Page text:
America continues to be the land of opportunity, beckoning those willing to reach for the many opportunities which this great country provides. People from locations across the globe find their way to a better life, living and working in America. The International Labor Pool is rich with highly trained professionals, skilled craftsmen, talented artisans and industrious laborers, all looking to reap the rewards of American Employment. Employers too gain from this availability of talent and skills, satisfying their demands for qualified people to fill a variety of positions and jobs.
Not unlike their American Counter-parts, prospective employees from around the world will be greeted with the same questions and concerns that all employers must now consider before granting employment. The resume of qualifications and the all important interview, no matter how skillfully conducted, are now nothing more than an applicant’s declaration of information that must be subsequently subjected to a far more stringent examination.
But how does one go about conducting research on someone from a foreign country? What types of investigation can be done? How is the language barrier overcome? What types of information are available and how are they accessed? How do the laws of the foreign country effect the availability of information? These are but a few of the questions that today’s HR Executives must face when considering an applicant from a foreign country for employment, and the answers to these questions can be just as complex.
The only truly accurate answer to all of the above is “It varies”. It can vary from country to country. It can vary from jurisdiction to jurisdiction within a given country. Information availability can range from substantial to non-existent. Outside of the U.S., the standards change dramatically as do your abilities to conduct substantive background investigations. The rule of “due diligence” truly changes from “What you could have done, you should have done” to “Do what you can do”. Often what you can do is far less than what you would have liked to do.
Criminal record searches in foreign countries are a good example of the type of variations you can find in doing International background investigations. Canada, most Western European Countries, Australia, Japan and some South American Countries are surprisingly similar to the U.S. in access and reliability. Jurisdictional Court Records, Court Databases, Provincial Databases and even some National Database information are available. Time service, not withstanding time zone ordering delays, are generally good, between 3 and 10 business days. Information availability can vary, but generally speaking covering the seven year reporting period is not an area of concern. Foreign researchers are skilled, multi-lingual and capable of translating information into comprehensive English.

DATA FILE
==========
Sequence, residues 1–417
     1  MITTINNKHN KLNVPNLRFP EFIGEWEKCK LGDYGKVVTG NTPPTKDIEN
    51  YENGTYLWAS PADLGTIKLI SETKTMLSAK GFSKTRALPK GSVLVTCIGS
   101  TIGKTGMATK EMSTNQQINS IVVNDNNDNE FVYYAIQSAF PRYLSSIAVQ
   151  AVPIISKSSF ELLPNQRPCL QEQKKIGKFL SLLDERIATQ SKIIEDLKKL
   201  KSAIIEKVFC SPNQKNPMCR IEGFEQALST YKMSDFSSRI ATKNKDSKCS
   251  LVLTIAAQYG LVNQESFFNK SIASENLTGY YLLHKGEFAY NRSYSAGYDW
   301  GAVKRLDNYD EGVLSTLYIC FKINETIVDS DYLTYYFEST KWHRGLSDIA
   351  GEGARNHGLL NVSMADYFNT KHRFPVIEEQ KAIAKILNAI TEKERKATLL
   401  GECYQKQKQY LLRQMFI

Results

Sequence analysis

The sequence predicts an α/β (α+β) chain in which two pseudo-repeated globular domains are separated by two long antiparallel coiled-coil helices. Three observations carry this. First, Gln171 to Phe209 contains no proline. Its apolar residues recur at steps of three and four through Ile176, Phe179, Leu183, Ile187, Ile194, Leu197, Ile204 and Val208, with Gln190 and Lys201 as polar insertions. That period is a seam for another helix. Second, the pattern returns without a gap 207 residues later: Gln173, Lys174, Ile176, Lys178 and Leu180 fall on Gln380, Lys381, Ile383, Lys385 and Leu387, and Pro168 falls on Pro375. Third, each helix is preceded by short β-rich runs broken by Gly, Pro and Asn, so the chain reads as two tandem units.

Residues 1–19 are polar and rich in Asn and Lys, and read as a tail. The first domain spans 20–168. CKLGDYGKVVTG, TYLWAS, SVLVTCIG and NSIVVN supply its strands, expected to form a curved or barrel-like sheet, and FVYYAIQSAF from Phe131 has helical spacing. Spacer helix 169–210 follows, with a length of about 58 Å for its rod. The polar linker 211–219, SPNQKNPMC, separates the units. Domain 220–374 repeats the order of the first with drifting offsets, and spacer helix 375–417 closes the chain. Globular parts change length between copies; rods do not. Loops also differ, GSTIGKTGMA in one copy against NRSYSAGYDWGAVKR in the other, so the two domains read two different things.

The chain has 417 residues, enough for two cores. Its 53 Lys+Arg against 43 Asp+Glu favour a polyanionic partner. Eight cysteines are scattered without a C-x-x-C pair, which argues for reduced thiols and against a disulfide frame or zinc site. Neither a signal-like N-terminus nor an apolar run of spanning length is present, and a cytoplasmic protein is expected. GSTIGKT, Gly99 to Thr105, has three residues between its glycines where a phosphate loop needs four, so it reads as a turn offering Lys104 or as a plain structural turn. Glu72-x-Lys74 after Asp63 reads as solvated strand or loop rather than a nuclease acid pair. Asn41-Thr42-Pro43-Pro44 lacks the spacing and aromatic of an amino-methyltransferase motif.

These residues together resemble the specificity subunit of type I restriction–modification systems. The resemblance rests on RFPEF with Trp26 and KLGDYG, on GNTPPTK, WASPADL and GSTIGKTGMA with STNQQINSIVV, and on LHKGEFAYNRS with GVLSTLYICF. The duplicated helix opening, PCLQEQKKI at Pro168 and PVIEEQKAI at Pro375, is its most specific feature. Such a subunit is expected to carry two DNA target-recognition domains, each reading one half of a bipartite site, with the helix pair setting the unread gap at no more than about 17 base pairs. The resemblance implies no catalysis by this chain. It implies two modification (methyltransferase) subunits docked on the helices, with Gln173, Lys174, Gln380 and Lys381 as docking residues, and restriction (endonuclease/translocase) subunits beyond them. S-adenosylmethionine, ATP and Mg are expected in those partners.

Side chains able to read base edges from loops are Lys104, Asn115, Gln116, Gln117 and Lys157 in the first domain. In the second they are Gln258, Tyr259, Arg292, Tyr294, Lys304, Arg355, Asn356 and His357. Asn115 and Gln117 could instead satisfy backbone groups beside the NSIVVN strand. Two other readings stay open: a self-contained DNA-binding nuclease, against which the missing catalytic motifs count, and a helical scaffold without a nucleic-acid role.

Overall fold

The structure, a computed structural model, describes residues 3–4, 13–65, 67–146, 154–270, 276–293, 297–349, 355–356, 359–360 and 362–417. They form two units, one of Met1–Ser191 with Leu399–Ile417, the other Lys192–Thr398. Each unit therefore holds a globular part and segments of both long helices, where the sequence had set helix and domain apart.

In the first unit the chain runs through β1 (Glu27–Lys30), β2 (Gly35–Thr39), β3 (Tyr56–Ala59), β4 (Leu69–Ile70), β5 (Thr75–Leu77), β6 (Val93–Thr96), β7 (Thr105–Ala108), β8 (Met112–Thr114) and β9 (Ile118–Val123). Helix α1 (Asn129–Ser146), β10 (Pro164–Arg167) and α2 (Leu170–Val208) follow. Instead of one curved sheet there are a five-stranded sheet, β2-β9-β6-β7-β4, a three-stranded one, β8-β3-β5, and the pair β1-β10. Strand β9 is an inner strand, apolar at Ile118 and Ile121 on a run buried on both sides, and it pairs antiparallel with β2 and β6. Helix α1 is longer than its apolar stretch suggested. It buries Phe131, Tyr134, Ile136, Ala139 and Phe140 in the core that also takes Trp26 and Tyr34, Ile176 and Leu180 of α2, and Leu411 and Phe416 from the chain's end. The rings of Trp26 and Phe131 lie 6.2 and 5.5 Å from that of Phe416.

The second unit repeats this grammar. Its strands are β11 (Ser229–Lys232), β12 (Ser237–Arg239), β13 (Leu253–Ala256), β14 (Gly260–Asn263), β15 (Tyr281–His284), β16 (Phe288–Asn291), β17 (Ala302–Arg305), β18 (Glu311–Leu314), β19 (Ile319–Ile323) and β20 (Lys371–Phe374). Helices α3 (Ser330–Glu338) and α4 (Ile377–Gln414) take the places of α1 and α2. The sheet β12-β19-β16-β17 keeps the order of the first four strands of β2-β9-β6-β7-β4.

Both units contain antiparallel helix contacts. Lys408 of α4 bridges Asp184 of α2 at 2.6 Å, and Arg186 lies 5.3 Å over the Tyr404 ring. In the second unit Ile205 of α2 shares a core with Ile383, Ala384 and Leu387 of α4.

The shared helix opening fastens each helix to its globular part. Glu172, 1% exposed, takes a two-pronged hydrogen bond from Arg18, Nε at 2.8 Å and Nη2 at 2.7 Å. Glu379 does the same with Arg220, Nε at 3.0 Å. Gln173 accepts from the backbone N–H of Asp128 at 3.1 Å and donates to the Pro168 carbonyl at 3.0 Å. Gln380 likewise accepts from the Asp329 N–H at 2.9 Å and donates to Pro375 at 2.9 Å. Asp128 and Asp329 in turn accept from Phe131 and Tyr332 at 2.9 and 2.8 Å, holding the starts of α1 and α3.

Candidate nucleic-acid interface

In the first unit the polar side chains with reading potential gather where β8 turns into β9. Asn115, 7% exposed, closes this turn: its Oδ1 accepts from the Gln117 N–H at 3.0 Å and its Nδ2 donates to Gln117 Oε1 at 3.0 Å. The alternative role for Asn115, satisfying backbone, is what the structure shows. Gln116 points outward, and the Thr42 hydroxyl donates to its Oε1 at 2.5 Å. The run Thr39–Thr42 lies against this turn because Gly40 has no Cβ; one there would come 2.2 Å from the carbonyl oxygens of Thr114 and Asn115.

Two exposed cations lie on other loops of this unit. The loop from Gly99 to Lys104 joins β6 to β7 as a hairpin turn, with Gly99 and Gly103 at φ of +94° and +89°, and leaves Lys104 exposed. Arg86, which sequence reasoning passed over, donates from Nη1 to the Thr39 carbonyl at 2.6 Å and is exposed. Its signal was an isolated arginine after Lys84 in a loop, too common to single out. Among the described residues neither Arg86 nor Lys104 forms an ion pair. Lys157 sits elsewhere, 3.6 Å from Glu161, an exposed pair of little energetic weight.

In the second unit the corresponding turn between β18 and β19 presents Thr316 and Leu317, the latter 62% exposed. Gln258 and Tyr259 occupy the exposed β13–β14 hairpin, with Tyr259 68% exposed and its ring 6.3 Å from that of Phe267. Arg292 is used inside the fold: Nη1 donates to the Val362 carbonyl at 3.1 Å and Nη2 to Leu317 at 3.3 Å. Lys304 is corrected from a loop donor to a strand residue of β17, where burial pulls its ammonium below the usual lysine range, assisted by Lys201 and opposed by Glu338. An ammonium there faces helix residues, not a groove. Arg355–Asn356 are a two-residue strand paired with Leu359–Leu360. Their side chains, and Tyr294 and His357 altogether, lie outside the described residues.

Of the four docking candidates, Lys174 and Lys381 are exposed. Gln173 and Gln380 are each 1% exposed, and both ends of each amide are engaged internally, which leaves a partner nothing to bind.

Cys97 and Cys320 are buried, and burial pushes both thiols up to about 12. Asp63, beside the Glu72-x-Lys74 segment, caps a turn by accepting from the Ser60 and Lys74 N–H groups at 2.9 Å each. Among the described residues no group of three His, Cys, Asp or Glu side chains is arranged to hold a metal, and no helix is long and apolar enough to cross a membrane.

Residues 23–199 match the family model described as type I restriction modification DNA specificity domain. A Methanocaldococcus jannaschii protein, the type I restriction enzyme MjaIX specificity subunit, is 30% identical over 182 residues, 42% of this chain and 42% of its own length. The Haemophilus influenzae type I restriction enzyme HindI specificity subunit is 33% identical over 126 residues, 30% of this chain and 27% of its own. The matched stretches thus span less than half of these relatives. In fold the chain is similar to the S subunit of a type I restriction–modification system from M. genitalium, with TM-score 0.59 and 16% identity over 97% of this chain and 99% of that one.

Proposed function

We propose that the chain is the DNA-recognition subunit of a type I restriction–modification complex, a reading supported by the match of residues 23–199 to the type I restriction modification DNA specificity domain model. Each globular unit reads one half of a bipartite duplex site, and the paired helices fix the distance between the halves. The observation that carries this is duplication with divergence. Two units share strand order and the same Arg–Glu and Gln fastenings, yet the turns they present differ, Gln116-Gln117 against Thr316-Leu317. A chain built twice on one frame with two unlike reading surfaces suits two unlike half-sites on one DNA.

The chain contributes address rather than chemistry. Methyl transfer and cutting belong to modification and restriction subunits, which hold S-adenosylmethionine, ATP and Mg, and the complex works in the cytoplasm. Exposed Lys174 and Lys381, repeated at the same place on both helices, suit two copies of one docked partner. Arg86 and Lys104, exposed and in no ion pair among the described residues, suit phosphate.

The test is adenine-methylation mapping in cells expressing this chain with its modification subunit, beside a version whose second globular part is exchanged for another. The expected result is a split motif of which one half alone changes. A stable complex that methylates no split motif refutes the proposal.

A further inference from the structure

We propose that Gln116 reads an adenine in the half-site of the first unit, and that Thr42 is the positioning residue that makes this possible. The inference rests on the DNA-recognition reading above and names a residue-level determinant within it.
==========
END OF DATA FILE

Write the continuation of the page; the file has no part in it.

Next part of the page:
Eastern Europe, former Communist Block Countries, most of Asia, Africa and the Middle East, most of Central and South America are another story. Access can be a question of “who you know” as much as what is actually available. Time and cost considerations, availability of qualified investigative personnel, reliability of reporting, methods of data storage, search methods, identification issues, are just a few of the problems to be encountered. Painting the situation with the proverbial broad brush, one could say that the larger, the more progressive the jurisdiction, the better the potential for a substantive search, but there are still no guarantees. U.S. Search firms offering International Criminal Searches are similar in their reliance upon established networks of reporters. American Companies attempting to establish reliable relationships are confronted with the lack of competition in many areas as well as a serious problem when it comes to audit capabilities. Small cities, towns and villages, rural and remote communities pose even greater challenges, both in availability and reliability.
Reliability of information goes far beyond criminal records. Educational records, degree verifications and certifications are plagued with forgeries. Even when validated through reliable resources, time considerations often make decision making a prolonged process, forcing employers to take a wait and see approach. Employment verifications suffer a similar fate. Again, the broad brush approach points towards the larger, International Companies, as being far more responsive and reliable, if not necessarily any more timely.
The prospect of major improvements in the near term is progressing as the need for information continues to increase along with the opportunity for those in a position to provide the information. Information availability over the past five years alone has grown significantly as the American Employer has continued to pursue applicants with roots far removed from U.S. soil. As with any decision, understanding the realities of the situation and acting accordingly is the best course of action to follow.